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Industries such as aerospace, chemical processing, and petrochemicals depend greatly on corrosion-resistant alloys to guarantee the longevity and strength of their equipment. Two prominent alloys in the market, namely Alloy 400 and Hastelloy C, have earned a reputation for their exceptional resistance to corrosion and proven performance in challenging conditions. Although both are favoured, they possess distinct properties that might impact the decision-making process. In this blog post, we will explore the disparities between Alloy 400 and Hastelloy C, offering valuable insights to assist you in making an informed selection.

What is the Difference Between Alloy 400 and Hastelloy C?

Corrosion-resistant alloys play a crucial role in sustaining the reliability and durability of equipment in various industries, including aerospace, chemical processing, and petrochemicals. Among the top contenders in this domain are Alloy 400 and Hastelloy C, two alloys that have garnered widespread recognition for their exceptional performance in harsh environments. In this blog post, we will delve into the dissimilarities between these two alloys across various aspects to help you make an informed choice for your specific application.


Alloy 400, also known as Monel 400, is a nickel-copper alloy with a composition primarily comprising nickel (63-70%) and copper (20-29%). Additionally, it contains small amounts of iron, manganese, carbon, and silicon. On the other hand, Hastelloy C is a family of alloys that primarily consist of nickel, molybdenum, and chromium, with varying proportions based on the specific grade (e.g., Hastelloy C276). The distinct compositions of these alloys lay the foundation for their contrasting properties.

Corrosion Resistance: 

Both Alloy 400 and Hastelloy C excel in corrosion resistance, making them highly suitable for applications in aggressive and corrosive environments. Alloy 400 exhibits exceptional resistance to various corrosive agents, including seawater, acids, and alkalis. This attribute makes it a preferred choice for marine applications and equipment exposed to brine solutions. On the other hand, Hastelloy C, with its high molybdenum and chromium content, offers superior resistance to a broader range of corrosive media, including sulfuric acid, hydrochloric acid, and chloride solutions. Therefore, Hastelloy C is often favoured in chemical processing and petrochemical industries where exposure to harsh chemicals is common.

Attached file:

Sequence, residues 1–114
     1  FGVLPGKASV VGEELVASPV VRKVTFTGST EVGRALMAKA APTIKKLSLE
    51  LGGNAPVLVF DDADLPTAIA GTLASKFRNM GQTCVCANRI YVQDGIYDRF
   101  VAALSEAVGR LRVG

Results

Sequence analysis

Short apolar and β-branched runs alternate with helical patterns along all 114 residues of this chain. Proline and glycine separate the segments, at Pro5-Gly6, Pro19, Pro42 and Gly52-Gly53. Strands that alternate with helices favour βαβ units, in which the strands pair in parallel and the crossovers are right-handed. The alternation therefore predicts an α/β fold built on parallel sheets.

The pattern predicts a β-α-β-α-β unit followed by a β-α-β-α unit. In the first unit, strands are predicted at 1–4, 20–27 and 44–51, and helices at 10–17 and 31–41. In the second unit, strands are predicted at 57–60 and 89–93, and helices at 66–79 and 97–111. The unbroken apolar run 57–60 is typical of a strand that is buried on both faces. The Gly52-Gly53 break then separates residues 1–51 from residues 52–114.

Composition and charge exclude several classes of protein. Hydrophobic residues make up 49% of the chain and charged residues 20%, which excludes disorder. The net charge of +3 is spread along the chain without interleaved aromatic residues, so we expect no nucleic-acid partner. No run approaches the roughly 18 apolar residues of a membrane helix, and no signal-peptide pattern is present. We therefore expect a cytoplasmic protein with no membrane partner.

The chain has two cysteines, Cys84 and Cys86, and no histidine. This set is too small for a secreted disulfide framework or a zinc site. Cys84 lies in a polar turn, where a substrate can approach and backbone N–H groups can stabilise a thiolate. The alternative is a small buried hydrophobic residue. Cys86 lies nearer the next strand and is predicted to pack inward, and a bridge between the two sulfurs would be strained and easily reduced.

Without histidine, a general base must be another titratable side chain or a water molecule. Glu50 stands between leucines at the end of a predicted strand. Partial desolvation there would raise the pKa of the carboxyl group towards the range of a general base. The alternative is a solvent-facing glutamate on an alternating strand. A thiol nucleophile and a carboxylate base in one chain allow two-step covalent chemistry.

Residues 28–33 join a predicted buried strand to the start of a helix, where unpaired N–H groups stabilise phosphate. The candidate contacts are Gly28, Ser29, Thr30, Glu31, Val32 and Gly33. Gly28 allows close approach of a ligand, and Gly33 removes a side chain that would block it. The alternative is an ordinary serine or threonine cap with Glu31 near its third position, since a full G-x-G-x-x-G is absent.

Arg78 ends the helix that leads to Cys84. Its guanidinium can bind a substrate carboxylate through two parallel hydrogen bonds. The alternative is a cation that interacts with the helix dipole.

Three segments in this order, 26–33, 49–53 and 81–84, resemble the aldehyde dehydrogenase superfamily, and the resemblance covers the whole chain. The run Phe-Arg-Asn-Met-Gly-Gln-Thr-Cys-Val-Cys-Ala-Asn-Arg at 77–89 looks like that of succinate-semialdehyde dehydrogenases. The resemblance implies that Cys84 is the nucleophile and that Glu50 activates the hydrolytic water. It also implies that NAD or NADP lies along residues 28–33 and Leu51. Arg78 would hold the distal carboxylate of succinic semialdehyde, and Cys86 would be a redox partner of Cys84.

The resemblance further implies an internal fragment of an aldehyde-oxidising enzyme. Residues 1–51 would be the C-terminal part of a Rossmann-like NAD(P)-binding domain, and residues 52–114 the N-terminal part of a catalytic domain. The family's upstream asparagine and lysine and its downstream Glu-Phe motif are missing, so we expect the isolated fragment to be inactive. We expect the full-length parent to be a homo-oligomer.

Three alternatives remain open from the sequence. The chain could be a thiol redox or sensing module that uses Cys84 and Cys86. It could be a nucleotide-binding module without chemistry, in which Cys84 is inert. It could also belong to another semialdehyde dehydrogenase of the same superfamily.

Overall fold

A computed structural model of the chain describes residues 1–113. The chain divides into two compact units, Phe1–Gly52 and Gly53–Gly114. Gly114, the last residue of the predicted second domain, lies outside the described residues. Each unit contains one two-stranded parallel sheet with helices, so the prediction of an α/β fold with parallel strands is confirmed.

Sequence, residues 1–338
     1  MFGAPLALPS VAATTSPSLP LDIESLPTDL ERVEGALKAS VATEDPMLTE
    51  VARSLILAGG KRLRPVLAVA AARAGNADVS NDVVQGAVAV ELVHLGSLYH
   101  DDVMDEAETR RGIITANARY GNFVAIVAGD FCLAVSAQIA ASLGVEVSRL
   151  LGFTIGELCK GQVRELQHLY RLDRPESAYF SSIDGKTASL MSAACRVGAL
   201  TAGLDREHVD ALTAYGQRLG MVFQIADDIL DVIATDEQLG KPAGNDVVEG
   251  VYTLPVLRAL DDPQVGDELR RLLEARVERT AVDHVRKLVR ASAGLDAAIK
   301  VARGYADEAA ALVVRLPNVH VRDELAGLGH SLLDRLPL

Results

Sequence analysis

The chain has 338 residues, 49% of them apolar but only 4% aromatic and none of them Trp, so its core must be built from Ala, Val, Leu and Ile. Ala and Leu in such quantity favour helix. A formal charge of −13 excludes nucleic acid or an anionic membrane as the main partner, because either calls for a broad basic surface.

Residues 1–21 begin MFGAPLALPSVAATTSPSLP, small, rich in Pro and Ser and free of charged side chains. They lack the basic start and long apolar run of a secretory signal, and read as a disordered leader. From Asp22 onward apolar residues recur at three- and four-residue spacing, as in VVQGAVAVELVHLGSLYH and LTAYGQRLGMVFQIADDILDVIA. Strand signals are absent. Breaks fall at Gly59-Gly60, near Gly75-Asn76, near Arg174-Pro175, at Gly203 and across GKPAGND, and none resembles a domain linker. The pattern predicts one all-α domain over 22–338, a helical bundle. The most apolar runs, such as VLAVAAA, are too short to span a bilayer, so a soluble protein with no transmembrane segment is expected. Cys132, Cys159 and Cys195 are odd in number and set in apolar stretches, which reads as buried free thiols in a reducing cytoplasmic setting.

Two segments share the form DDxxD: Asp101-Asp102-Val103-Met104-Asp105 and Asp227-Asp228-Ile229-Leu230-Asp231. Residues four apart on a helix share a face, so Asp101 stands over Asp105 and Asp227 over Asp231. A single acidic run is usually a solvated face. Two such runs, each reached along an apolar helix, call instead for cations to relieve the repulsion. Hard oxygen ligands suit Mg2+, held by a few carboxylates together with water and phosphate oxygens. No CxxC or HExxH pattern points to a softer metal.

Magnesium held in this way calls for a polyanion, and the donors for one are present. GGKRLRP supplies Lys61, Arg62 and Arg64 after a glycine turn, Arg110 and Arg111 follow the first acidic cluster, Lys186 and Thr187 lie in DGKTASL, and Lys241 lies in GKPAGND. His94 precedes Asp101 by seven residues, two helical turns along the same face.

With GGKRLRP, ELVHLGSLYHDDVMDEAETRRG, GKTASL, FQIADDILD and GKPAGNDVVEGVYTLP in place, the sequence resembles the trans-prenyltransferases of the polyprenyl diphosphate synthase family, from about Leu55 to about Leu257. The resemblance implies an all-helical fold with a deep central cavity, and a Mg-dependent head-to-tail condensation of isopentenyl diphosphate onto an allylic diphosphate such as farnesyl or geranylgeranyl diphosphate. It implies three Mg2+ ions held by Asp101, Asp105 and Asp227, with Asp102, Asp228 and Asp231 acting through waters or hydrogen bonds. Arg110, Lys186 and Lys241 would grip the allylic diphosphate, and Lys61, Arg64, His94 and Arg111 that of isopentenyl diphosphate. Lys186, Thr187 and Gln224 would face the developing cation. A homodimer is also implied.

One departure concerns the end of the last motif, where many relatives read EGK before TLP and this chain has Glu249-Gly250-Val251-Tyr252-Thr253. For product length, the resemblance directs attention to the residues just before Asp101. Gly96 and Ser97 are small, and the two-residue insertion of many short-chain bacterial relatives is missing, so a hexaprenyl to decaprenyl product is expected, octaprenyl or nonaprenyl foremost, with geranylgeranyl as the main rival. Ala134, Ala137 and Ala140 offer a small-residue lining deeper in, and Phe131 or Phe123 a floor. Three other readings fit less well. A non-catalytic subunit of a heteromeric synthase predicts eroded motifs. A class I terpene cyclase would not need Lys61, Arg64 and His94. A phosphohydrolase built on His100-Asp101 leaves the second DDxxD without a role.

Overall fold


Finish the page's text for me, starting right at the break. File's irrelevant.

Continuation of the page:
In terms of strength, Hastelloy C generally outperforms Alloy 400. The molybdenum and chromium content in Hastelloy C contributes to its higher strength and excellent mechanical properties, providing enhanced performance at elevated temperatures. In contrast, Alloy 400 possesses lower strength compared to Hastelloy C but maintains good ductility, making it suitable for certain applications that require formability and ease of fabrication.


Due to its nickel and copper composition, Alloy 400 is relatively more cost-effective compared to the various grades of Hastelloy C, which contain higher amounts of nickel, molybdenum, and chromium. The cost difference between these alloys can be a critical factor when choosing the appropriate material for a specific project, especially when considering the scale and budget constraints.


The choice between Alloy 400 and Hastelloy C often hinges on the specific application requirements. Alloy 400 finds widespread use in marine engineering, chemical equipment, and the aerospace industry due to its excellent resistance to seawater and various acids. On the other hand, Hastelloy C is preferred for applications involving strong acids, harsh chemical environments, and high-temperature conditions. It is extensively utilized in chemical processing, pollution control, and oil and gas industries.

Other Differences: 

Apart from the key differences mentioned above, Alloy 400 exhibits magnetic properties, whereas Hastelloy C is non-magnetic. This magnetic characteristic of Alloy 400 can be significant in certain applications where magnetic interference needs to be considered.


In conclusion, both Alloy 400 and Hastelloy C are formidable contenders in the realm of corrosion-resistant alloys. The choice between these alloys should be guided by the specific requirements of your application. If cost-effectiveness, good corrosion resistance, and ease of fabrication are paramount, Alloy 400 could be the ideal choice. However, if your application demands exceptional corrosion resistance in aggressive chemical environments and high-temperature settings, Hastelloy C might be the more suitable option. Always consider the specific composition, mechanical properties, and cost implications to make an informed decision that aligns with your project’s needs.

Learn More About: Heat Treatment of Copper and Copper Alloys

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